Academic urges greater awareness of the role of an Aberdeenshire man in securing workers' rights 100

Academic urges greater awareness of the role of an Aberdeenshire man in securing workers' rights 100

One hundred years ago today (January 18, 1919) delegates from across the globe met in Paris for the beginning of talks which would attempt to set out a new world order.

Among the international delegates was Portlethen man James Duncan and a century on from the Paris Peace Conference, an Aberdeen academic is calling for greater awareness of the role played by the farmer’s son from Aberdeenshire.

While many of the ideas of peace set out in Paris subsequently failed, Duncan was invited as a delegate for his expertise in the labour market. The conference paved the way for the introduction of international measures to regulate hours of work and the principle of the eight hour day – something which remains in place today.

Duncan, who was born at Hillside Portlethen on in May 5, 1857, was apprenticed as a granite cutter but a slump in the north-east economy and greater international demand for granite in the last quarter of the 19th century led him to seek work opportunities elsewhere. In 1880 he emigrated to the US.

Settling in New York, he joined the Granite Cutters National Union and was soon elected their Local Secretary and became its President in 1885 after moving to Baltimore Maryland.

While in office Duncan proposed and won passage of numerous amendments to the union’s constitution forming it into one of the most effective in the country and as a result he was asked to join a delegation formed by President Woodrow Wilson to Russia in the wake of the Revolution.

Neil McLennan, a senior lecturer in the School of Education at the University of Aberdeen said: “When the President was preparing for the trip he quickly realised that communist Russia would not be very responsive to a delegation made up entirely of businessmen and that he needed labour delegates.

“Duncan must have acquitted himself well as two years later he was invited to the talks in Paris. These were high level discussions bringing together delegates from countries which had until very recently been enemies in the largest conflict the world had ever seen.

“The Paris Peace Treaty set the foundations for the Treaty of Versailles which sadly did not meet its objectives of peace but where it was very successful was in establishing the International Labour Organisation to promote workers’ rights, something which still remains in place today.”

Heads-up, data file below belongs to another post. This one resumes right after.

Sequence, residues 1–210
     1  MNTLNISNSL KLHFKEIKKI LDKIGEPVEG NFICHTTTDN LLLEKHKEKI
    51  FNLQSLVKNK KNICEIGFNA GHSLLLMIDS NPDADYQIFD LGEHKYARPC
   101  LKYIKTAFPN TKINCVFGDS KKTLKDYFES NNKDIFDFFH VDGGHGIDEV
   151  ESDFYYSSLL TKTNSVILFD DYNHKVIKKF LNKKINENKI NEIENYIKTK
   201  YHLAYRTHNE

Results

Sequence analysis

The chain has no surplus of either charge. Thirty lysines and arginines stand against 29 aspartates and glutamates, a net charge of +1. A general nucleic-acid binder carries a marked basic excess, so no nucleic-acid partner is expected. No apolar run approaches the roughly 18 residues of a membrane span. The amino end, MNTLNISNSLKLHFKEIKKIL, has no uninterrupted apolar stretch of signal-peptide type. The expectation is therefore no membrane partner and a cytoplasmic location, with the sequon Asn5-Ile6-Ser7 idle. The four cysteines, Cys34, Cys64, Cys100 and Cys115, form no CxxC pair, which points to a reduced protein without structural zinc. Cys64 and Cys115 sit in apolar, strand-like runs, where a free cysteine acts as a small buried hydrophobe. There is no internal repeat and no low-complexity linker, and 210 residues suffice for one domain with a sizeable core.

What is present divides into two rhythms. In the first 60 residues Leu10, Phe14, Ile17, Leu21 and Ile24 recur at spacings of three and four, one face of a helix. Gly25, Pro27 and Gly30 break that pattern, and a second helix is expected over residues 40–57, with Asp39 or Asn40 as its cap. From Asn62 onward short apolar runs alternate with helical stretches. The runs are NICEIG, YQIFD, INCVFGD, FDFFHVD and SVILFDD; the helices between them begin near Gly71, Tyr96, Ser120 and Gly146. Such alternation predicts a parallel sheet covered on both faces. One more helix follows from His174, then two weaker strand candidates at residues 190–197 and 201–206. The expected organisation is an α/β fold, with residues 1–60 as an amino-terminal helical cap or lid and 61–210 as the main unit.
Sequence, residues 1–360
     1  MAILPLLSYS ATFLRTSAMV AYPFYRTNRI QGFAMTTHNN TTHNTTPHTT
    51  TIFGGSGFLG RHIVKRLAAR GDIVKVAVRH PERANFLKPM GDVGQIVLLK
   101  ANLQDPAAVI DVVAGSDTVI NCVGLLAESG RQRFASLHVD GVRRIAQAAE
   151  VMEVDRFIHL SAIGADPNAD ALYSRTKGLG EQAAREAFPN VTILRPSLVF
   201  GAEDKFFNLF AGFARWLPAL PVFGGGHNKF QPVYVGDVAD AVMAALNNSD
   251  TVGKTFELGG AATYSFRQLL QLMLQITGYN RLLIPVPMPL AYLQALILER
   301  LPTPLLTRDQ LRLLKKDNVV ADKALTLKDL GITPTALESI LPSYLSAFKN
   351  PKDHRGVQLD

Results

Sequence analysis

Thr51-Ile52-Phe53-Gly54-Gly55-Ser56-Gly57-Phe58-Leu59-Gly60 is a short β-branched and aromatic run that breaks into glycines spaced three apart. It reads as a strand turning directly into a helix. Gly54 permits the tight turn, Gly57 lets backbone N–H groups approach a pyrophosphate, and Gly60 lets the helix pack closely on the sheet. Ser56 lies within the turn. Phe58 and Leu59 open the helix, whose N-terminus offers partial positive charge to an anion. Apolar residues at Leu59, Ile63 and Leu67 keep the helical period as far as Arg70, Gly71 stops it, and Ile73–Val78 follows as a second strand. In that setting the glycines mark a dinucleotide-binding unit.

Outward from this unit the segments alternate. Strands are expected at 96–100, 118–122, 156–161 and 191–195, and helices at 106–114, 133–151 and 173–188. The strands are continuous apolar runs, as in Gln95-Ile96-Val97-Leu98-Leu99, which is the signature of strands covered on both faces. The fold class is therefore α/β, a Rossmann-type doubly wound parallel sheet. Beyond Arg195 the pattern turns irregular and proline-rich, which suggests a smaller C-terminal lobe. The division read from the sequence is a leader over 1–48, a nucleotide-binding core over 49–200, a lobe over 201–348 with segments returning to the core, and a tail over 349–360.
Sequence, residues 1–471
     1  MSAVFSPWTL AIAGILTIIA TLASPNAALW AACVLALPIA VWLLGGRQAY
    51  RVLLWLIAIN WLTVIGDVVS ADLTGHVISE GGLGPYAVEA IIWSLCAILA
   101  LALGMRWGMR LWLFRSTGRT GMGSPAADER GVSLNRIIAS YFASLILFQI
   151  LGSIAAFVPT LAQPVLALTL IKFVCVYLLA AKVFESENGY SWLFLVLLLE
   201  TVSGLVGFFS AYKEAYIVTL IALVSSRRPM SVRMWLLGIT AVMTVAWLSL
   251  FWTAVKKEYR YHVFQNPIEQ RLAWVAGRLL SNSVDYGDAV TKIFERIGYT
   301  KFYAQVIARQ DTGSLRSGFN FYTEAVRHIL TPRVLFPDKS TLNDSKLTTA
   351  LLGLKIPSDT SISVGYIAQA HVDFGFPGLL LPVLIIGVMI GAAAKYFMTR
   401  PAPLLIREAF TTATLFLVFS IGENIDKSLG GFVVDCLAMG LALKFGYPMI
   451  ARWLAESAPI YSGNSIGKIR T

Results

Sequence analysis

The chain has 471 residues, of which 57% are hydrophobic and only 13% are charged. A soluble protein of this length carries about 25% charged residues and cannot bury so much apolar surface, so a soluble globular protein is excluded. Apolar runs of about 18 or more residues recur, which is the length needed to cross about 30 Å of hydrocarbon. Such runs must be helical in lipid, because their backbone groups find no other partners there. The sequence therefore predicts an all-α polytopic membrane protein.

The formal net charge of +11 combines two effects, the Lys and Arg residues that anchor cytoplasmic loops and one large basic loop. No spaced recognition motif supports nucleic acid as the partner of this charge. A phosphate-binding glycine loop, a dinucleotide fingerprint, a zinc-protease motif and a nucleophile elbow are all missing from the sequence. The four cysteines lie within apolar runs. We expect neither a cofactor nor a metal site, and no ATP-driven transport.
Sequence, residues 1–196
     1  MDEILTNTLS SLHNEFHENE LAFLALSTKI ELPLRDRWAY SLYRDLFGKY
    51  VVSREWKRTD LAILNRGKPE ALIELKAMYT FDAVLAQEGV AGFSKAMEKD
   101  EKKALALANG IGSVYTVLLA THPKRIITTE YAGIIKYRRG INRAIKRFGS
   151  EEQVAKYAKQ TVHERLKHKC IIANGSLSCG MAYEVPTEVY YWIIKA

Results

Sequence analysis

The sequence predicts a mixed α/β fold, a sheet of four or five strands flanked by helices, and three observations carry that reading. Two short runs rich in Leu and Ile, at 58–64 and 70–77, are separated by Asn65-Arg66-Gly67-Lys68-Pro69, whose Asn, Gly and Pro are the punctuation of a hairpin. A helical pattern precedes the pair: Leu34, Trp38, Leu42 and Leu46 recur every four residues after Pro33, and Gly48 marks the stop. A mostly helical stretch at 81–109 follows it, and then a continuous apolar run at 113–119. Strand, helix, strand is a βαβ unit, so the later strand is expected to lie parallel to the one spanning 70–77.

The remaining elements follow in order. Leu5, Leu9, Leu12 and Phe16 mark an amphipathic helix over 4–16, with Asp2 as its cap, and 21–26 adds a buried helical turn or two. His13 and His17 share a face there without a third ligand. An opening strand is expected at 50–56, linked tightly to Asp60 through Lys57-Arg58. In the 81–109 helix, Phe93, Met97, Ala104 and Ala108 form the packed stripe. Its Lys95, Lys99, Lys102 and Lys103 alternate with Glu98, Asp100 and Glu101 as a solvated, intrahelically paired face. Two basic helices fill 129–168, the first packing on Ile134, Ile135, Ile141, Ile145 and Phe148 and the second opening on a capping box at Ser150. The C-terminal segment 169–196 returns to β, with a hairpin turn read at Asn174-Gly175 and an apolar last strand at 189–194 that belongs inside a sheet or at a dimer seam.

Mr McLennan is calling for greater awareness of the role played by the Aberdeenshire man in helping to provide workers around the world with greater protection for issues around unemployment, the provision of a living wage, sickness, rights concerned with disease and injury arising out of employment and the protection of children and young persons.

But Mr McLennan says greater study of Duncan and the role he played in these important negotiations also opens up wider learning opportunities.

“I am speaking to council officials about the learning opportunities his story provides for Scottish school students”, he added.

“While Duncan can be seen as a champion for the rights of workers, it is clear that these rights did not extend to all.  Workers’ rights were not applied equally across the racial divide in countries including America.

“For a man so committed to workers’ rights, Duncan’s own position on African American workers being part of unions would not sit well today. The fact that these principles he fought so hard to establish were not applied equitably even in the US after the Paris Peace Treaty can be used to explore important issues around equality, democracy and international relations in this key period of the 20th century and to reflect upon how this has changed and its lasting legacy.

"Duncan is an important figure in our story of societal change and, now that commemorations for the centenary of the end of the First World War have finished, it is vital that we give the same level of consideration to the subsequent ‘peace’. That should start today on this important anniversary across the world.  Here in Scotland, Duncan is a figure who should no longer be overlooked but studied closely so that lessons can be learned on workers’ rights, human rights and the challenges of making long lasting international peace.”

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